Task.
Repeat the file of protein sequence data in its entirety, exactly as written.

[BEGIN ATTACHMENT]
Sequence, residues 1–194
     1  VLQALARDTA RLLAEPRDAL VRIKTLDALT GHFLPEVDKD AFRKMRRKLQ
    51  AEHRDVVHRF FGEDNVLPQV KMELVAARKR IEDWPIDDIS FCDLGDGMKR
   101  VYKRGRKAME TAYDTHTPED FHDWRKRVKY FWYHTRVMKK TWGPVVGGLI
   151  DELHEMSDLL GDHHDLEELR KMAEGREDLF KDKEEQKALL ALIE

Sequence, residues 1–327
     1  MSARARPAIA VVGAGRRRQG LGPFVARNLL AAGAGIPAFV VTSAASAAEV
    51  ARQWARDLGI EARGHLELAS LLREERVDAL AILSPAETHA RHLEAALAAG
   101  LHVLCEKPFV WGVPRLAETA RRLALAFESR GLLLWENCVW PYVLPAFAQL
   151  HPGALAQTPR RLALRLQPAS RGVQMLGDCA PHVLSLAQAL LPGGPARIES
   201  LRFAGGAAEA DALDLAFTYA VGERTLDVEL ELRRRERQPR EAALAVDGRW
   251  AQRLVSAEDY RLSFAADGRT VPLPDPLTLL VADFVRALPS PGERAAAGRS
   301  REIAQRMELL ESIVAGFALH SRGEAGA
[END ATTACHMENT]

Sequence, residues 1–194
     1  VLQALARDTA RLLAEPRDAL VRIKTLDALT GHFLPEVDKD AFRKMRRKLQ
    51  AEHRDVVHRF FGEDNVLPQV KMELVAARKR IEDWPIDDIS FCDLGDGMKR
   101  VYKRGRKAME TAYDTHTPED FHDWRKRVKY FWYHTRVMKK TWGPVVGGLI
   151  DELHEMSDLL GDHHDLEELR KMAEGREDLF KDKEEQKALL ALIE

Sequence, residues 1–327
     1  MSARARPAIA VVGAGRRRQG LGPFVARNLL AAGAGIPAFV VTSAASAAEV
    51  ARQWARDLGI EARGHLELAS LLREERVDAL AILSPAETHA RHLEAALAAG
   101  LHVLCEKPFV WGVPRLAETA RRLALAFESR GLLLWENCVW PYVLPAFAQL
   151  HPGALAQTPR RLALRLQPAS RGVQMLGDCA PHVLSLAQAL LPGGPARIES
   201  LRFAGGAAEA DALDLAFTYA VGERTLDVEL ELRRRERQPR EAALAVDGRW
   251  AQRLVSAEDY RLSFAADGRT VPLPDPLTLL VADFVRALPS PGERAAAGRS
   301  REIAQRMELL ESIVAGFALH SRGEAGA